LANGLEY — It’s hard to paint the precise picture that best captures the state of the 2019-20 Trinity Western Spartans men’s basketball team.
First, you start with the basics: A team coming off an 0-20 conference season a year ago, with a brand new head coach and 10 new players, many of whom had likely never even heard of the Canada West or its parent U Sports before deciding to don Spartans’ togs and call the Langley Events Centre their new home base.
Then, you add another key layer: A preseason in which so many injuries occurred that new head coach Trevor Pridie still has no clear idea what his everyday starting line-up and main rotation will look like.
And finally, you take roll call as these TWU players board a bus for Kamloops to open their new conference season Friday (5 p.m.) and Saturday (7 p.m.) against the host Thompson Rivers WolfPack.
If you were around in the mid-1990s and you remember what it felt like when the Vancouver Grizzlies were piecing together their expansion roster in time for the 1995-96 campaign, well… this almost feels like the university equivalent of the same.
So when the first question posed to Pridie is what the cohesion of his group is going to be like come Friday, it’s not surprising that he is unsure.
“That is the big question,” he said. “With all of our different starting lineups, I am not too sure. I think we have a chance to be competitive but it’s hard to gauge right now. It’s going to be a little experimental.”
The Spartans split a pair of games with the defending CCAA national champion Vancouver Island Mariners, and beat both Douglas College and the Seattle Mountaineers before losing to Mt Royal as part of its 3-2 preseason.
The roster will shake itself out as the season progresses, but that cohesion factor will be huge.
Holdover players like Isaiah Reimer, Daniel Stead, Jack Nadelhoffer, Ethan DaSilva, Aaron Paetkau and Andrew Goertzen will attempt to meld with a core of newcomers.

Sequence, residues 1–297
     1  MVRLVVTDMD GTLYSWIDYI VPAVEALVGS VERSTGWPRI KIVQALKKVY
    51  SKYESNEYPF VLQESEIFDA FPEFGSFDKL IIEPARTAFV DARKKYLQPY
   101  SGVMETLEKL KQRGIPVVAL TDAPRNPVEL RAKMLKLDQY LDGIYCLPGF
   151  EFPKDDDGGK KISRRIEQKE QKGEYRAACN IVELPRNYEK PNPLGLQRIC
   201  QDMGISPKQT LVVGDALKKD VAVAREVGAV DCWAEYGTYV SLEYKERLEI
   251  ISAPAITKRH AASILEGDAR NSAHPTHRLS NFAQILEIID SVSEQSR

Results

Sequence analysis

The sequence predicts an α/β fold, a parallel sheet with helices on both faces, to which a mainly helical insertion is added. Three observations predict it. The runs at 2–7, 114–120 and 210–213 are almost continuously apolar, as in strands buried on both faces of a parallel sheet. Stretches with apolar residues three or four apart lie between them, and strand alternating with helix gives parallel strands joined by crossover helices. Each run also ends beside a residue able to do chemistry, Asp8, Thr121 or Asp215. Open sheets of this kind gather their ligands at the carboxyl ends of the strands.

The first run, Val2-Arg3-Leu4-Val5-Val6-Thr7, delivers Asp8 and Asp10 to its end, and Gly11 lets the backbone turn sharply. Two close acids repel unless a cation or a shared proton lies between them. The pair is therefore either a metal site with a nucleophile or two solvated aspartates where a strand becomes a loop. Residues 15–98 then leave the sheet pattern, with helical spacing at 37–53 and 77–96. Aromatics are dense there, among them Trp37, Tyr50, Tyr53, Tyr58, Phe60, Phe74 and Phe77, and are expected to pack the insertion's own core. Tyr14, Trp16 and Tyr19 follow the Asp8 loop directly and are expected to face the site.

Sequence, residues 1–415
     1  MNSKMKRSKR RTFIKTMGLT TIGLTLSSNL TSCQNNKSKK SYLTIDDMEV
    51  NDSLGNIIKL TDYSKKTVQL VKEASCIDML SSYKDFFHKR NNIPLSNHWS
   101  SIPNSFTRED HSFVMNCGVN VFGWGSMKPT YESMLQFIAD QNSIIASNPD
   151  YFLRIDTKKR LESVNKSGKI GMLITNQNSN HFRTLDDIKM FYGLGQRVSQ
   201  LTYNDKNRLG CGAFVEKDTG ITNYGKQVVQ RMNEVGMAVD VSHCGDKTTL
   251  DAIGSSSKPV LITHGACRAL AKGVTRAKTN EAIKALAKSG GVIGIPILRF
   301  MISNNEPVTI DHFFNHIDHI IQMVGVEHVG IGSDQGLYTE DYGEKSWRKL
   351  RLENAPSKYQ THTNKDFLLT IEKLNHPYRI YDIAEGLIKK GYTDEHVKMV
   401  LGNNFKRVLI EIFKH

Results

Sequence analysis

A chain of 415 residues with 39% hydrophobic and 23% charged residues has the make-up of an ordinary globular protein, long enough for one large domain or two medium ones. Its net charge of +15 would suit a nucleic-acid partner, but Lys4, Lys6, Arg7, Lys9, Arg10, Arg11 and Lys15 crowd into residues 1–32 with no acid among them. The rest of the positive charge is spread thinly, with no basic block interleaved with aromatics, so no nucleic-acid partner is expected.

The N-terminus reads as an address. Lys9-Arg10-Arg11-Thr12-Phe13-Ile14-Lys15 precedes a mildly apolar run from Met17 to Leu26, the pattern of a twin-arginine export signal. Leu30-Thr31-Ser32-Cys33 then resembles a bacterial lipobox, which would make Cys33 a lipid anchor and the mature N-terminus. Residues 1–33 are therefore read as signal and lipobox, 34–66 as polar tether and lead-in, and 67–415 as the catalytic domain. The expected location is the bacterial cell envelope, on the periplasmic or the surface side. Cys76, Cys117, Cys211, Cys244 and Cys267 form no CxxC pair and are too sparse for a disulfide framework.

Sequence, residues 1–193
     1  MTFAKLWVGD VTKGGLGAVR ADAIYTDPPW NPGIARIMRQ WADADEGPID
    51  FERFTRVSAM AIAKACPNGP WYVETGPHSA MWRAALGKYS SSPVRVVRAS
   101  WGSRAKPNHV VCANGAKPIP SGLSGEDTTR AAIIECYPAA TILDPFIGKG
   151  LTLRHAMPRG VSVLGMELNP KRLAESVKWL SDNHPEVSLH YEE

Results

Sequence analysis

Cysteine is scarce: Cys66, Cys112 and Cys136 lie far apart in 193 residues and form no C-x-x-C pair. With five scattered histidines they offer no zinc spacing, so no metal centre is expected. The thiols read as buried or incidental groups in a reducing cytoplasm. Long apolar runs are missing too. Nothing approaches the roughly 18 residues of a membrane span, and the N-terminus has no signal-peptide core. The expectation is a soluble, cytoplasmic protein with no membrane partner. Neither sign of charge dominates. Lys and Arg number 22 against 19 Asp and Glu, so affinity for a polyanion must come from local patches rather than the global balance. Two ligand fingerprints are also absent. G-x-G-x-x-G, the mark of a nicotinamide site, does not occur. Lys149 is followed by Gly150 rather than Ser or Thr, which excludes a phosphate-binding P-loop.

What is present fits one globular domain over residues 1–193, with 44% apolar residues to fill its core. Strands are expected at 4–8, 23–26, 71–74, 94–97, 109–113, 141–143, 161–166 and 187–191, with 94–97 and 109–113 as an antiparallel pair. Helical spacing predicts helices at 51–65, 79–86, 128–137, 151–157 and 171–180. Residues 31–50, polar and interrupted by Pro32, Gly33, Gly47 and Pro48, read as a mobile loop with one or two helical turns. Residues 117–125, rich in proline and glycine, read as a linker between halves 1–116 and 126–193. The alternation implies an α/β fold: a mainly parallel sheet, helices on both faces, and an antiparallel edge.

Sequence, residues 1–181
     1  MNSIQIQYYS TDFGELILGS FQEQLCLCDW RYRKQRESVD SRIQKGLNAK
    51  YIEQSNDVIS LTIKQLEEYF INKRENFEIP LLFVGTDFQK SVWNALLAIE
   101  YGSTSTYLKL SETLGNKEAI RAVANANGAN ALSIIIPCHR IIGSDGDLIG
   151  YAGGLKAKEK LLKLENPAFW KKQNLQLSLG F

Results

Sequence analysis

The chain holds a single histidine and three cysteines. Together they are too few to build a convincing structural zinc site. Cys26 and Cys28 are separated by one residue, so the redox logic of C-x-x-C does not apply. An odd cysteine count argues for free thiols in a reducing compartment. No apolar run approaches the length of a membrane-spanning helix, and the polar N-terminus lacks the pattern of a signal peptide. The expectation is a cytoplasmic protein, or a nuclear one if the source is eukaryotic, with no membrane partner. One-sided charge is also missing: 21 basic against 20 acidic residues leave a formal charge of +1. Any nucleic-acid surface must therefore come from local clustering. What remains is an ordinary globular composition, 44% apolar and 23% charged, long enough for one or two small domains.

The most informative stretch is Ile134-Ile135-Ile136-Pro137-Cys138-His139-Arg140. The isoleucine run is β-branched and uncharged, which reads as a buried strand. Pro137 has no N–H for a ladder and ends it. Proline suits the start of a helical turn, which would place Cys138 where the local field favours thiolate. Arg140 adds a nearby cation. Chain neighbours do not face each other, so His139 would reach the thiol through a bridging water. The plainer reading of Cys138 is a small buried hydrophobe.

Pridie looks back on how quickly things moved in terms of stocking the roster back in the spring, and it’s clear that a lot of work has been accomplished as he scoured the globe for new blood.
“I feel like when I got this job, I had five, maybe six players confirmed for this season and it was May 1,” Pridie laughs. “There was a ton of work to do and we had to recruit like crazy.
“But,” he adds, “I think I caught a couple of breaks on some international guys, and they are real character guys.”
The biggest impact player just might be an offensively-gifted Texan.
Ja’Qualyn Gilbreath, a 6-foot-2 combo guard who is best labelled a point guard in Pridie’s new uptempo scheme, showed over the course of the preseason that he just may well be that rare plug-and-play scorer, able to adapt to a new league with new rules and just continue to score the basketball.
“I knew a guy in Texas with an Athletes in Action-type background, and he knew about Ja’Qualyn,” begins Pridie. “I also have a friend at Texas Tech, and when I talked to him, his name came up again.”
Playing a role as a back-up shooting guard and part-time starter at NCAA Div. 2 Lubbock Christian, Gilbreath was looking to break out the more traditional and structured offence he found himself a part of.
That, and the fact that he could have two more years of eligibility in Canada, was enough for him to make the move from Lubbock to Langley.
“He wanted to be a point guard and he wanted to be more dynamic,” said Pridie, who watched Gilbreath put up 43 on the Mountaineers and score 28 in the first half of its win over Vancouver Island. “I think he can be our go-to guy.”
The other prime international is an Australian native, yet Pridie plucked 6-foot-6 forward Adam Gehrig from Clackamas (Ore.) CC of the Northwest Athletic Conference.
“I was e-mailing the NWAC coaches and letting them know exactly what I was looking for in a four (power forward), and the Clackamas coach told me about (Gehrig),a team captain and a 4.0 (GPA) student.
“He is a real character kid,” continued Pridie.
The skill set fit as well. Gehrig’s ability to stretch the offence as a trailer, his pick-and-pop skills and his overall toughness fit the bill.
Among the newcomers with local resumes, ex-G.W. Graham Grizzlies guard Gabe Mannes has shown an ability to step into the fray coming off one season at CCAA Columbia Bible, while former Yale Secondary and UFV guard Riley Braich brings an explosive scoring touch out of the backcourt. Braich, however, is presently shelved with an ankle injury.
“The guys have a lot of energy, they are excited, there is a good buzz around the team, and right now everyone is 0-0,” says Pridie, whose team will make its regular-season home debut Nov. 8-9 at the LEC against the UNBC Timberwolves.
“We feel good going in this weekend, but we also have a lot of players, like Ja’Qualyn and Gabe who have never played in the Canada West.”
Let the mystery unfold.
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